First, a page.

“American Hustle,” which opened today in theaters, spends a lot of time with voiceovers explaining the background of the 2 main characters, Irving Rosenfeld (Christian Bale) and Sidney Prosser (Amy Adams). This helps to ground the film as it tells a very complicated story about the ABSCAM operation run by the Long Island, New York, FBI office in the late 1970’s. The operation, as portrayed (fictionally) in the movie, consists of a bribery sting against the Mayor of Camden, New Jersey, several Congressmen and one Senator. The film focuses mainly on the relationships and possible love triangle between Sidney and either Irving or FBI agent Richie DiMaso (Bradley Cooper).
The main supporting cast for the film features Irving’s neglected wife Rosalyn (Jennifer Lawrence), and the well-meaning Mayor Carmine Polito (Jeremy Renner) of Camden. Despite requiring cooperation and teamwork from Irving, Sidney, Richie and the FBI office, this comedy of errors maintains its tension by continually throwing complications at the audience, and making the romance a strong counterweight to the sting plot. As a result, the main showdown in the film involves a cameo appearance by Robert De Niro, who plays vicious mobster Victor Tellegio in an uncredited appearance.
Amy Adams does a wonderful and deep turn as Sidney, who morphs into an English noblewoman named Lady Edith (with an English accent) to reel in and impress suckers falling for her and Irving’s cons. Christian Bale’s Irving has a heart condition, which becomes both funny and overwhelmingly sad as the tension mounts in the film. When the FBI busts Irving and Sidney’s loan scam operation, the couple are forced to help entrap politicians into taking bribes. They first ensnare Mayor Carmine, but when Irving finds he genuinely likes the guy, he contemplates playing both sides of the scam.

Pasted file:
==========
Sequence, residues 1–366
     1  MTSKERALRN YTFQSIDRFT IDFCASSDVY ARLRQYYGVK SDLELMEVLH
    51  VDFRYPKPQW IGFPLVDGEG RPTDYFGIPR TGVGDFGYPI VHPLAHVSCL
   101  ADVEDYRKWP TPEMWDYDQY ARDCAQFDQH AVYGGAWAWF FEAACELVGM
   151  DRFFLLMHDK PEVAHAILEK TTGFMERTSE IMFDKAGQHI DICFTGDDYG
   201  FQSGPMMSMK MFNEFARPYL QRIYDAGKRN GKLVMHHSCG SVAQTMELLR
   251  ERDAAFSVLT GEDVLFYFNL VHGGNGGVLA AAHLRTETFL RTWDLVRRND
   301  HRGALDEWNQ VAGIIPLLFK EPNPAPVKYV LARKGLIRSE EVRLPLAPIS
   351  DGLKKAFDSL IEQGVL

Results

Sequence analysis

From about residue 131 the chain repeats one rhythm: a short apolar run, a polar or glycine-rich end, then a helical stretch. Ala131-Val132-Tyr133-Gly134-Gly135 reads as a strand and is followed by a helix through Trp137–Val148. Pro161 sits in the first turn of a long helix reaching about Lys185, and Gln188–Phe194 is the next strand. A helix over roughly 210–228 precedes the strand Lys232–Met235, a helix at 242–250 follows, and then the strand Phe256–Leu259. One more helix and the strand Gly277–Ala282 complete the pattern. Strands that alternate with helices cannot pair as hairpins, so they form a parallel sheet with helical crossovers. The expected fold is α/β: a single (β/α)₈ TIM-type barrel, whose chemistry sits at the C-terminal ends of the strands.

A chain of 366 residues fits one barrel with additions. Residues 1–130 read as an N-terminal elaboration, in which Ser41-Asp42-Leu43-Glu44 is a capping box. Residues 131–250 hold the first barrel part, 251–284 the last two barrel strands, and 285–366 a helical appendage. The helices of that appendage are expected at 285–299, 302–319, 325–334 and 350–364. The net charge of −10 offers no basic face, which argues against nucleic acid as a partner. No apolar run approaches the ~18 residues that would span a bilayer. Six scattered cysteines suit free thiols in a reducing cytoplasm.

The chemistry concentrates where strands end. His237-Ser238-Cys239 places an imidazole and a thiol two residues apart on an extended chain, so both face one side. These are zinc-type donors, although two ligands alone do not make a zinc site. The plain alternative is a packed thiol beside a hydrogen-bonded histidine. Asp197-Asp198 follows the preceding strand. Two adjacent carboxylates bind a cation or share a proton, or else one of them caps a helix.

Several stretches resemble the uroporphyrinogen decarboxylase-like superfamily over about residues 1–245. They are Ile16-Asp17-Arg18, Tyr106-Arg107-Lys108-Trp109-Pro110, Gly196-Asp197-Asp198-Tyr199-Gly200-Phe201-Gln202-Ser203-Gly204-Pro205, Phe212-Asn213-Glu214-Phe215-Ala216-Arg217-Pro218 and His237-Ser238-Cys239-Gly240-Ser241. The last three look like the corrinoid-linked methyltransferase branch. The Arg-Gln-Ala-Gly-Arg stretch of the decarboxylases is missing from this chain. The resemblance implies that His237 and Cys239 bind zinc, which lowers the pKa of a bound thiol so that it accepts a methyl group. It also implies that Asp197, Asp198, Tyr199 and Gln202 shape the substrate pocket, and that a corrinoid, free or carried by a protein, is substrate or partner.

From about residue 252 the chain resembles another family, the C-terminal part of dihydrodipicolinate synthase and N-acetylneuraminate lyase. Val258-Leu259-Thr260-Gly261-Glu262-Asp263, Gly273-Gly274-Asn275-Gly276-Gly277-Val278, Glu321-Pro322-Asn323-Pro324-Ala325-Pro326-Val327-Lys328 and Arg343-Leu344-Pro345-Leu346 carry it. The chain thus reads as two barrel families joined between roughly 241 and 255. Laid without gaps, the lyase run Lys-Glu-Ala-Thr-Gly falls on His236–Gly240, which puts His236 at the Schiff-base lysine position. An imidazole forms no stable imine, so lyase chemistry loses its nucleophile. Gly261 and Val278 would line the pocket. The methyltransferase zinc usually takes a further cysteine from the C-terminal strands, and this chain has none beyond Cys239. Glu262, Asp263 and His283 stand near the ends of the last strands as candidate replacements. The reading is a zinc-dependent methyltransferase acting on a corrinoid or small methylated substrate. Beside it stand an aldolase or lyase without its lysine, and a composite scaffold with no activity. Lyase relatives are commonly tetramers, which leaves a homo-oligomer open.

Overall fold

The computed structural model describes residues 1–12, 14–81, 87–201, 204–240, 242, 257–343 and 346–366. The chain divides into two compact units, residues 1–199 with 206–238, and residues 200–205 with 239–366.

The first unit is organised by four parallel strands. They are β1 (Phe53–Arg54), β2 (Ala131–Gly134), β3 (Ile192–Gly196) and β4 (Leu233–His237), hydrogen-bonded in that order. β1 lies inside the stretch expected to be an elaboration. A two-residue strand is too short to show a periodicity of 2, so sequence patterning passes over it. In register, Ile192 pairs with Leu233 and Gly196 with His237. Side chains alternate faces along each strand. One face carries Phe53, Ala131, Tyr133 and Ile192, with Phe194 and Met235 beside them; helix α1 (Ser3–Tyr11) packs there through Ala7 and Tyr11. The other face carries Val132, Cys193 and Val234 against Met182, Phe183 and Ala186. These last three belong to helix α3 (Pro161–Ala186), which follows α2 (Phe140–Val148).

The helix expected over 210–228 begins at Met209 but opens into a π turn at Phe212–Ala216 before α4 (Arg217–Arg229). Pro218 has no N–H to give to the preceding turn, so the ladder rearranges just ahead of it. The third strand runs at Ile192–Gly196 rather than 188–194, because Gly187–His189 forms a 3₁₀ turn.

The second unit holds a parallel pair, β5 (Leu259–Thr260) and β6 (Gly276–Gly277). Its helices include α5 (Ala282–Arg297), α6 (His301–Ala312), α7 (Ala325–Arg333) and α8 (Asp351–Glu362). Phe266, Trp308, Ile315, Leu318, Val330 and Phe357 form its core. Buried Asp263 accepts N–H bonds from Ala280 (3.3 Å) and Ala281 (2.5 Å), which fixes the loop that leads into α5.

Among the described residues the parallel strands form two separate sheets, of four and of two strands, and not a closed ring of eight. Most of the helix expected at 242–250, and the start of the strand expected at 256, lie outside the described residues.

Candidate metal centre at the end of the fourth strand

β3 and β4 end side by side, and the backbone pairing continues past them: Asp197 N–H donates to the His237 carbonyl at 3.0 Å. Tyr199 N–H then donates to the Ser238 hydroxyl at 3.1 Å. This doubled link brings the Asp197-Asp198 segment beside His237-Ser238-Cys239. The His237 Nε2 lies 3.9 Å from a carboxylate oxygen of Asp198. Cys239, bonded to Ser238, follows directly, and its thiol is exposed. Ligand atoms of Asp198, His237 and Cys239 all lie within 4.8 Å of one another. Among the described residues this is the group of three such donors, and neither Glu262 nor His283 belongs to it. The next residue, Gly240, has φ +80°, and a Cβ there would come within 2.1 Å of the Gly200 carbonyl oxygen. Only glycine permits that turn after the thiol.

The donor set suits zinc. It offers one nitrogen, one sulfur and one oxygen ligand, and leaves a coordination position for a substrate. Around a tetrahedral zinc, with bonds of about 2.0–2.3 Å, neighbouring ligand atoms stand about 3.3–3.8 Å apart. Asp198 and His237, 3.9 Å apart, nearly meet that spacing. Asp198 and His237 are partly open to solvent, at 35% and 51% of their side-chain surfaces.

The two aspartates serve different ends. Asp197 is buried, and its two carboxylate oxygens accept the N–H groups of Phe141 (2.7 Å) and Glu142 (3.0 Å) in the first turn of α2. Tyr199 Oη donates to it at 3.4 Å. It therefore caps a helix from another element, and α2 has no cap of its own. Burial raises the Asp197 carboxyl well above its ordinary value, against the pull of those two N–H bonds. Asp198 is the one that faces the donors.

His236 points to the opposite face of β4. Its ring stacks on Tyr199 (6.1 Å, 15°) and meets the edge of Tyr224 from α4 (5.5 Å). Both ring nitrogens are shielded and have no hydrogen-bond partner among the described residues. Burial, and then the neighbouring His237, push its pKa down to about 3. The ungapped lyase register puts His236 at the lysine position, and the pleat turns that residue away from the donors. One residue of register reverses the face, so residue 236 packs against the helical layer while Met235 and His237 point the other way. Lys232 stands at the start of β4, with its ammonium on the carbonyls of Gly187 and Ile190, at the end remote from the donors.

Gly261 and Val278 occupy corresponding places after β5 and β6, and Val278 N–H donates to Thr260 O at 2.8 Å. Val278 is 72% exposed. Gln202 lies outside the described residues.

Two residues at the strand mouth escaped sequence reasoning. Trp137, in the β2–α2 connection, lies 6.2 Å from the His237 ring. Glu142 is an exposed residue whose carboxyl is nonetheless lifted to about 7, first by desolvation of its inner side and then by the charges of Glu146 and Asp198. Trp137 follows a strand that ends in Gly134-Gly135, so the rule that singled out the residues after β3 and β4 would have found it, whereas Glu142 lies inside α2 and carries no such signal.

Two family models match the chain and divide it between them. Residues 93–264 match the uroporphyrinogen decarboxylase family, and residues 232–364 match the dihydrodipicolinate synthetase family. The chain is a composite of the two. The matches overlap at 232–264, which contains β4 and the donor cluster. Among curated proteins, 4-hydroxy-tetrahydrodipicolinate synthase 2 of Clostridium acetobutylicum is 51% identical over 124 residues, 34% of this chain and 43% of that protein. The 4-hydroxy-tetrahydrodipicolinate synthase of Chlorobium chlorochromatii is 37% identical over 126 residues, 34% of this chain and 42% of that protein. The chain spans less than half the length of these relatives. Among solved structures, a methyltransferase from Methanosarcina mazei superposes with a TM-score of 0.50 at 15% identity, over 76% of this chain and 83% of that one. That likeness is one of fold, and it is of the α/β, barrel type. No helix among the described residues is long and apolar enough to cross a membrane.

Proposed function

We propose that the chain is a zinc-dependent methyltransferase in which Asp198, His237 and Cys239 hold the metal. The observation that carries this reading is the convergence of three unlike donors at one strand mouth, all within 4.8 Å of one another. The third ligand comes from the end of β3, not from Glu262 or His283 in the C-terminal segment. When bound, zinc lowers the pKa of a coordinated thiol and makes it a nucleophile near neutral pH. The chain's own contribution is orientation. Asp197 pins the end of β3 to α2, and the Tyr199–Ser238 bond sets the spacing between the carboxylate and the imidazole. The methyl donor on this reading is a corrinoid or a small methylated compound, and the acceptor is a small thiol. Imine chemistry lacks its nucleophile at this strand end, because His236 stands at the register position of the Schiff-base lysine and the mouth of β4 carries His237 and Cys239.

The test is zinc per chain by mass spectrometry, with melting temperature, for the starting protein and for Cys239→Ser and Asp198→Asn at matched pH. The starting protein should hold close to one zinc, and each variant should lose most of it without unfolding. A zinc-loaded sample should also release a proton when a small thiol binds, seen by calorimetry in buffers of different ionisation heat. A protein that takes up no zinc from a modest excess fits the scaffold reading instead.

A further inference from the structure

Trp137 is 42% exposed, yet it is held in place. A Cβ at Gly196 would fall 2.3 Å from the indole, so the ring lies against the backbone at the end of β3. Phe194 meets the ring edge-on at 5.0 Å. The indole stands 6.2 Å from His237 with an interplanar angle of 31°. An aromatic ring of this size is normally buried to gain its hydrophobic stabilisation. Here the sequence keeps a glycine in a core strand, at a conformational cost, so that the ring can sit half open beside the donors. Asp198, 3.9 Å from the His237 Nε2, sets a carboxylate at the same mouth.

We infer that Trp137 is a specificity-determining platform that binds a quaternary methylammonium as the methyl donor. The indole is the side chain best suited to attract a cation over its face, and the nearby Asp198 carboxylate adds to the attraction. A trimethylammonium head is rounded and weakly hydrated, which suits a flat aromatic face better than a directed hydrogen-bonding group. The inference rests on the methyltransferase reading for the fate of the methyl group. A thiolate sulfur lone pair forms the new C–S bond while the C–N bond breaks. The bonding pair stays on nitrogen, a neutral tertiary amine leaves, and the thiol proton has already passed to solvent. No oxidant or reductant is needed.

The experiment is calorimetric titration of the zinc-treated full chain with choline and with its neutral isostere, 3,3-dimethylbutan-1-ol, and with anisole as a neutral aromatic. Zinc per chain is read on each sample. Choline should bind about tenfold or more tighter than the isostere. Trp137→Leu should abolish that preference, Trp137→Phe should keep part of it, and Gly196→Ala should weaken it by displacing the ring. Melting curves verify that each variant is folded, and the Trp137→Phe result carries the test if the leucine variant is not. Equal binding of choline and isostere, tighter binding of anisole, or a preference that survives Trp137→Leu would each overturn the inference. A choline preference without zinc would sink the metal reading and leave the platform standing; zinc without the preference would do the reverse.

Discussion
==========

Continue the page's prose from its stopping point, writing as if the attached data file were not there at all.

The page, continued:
Irving should be happy enough to play the con game for the rest of his life, and he doesn’t care much for Rosalyn. But he loves Rosalyn’s young son and won’t leave her. Sidney, feeling that Irving will never commit to her, gravitates towards Richie. But she’s a con artist through and through, just like Irving, and it’s hard to believe she’d actually fall for an FBI agent. In addition, Richie is not a very sympathetic character; he’s pushy, arrogant and sometimes violent. Once, he even knocks Irving’s carefully placed toupee off his head.
Some of the action seems ad libbed, particularly Rosalyn’s scenes alone in her apartment (especially when she sings Wing’s “Live and Let Die.”), and scenes involving Richie and his FBI boss Stoddard Thorsen (Louis C. K.) at the FBI office. Director Russell said he improvised much of the film, but Richie and Stoddard banter in a way that seems forced and later they engage in some not very plausible slapstick humor. However, the movie skillfully uses the Rosalyn character at just the right moments to throw the plot off, and defines her early as a “train wreck” that won’t let Irving go.
Director David O. Russell, who wrote the film with Eric Singer, uses a lot of closeups and a wide screen. In fact, in 2-shots, the character slightly in the background is often out of focus. So, even though American Hustle is a period piece taking place in the 1970’s, there didn’t seem to be much need for period detail other than clothing and a few office furnishings. Anything else would be out of focus or offscreen. I found the music by Danny Elfman to be very effective, and the movie successfully uses hit songs from the era, such as The Bee Gees version of Al Green’s “How Can You Mend a Broken Heart,” to heighten the emotional impact.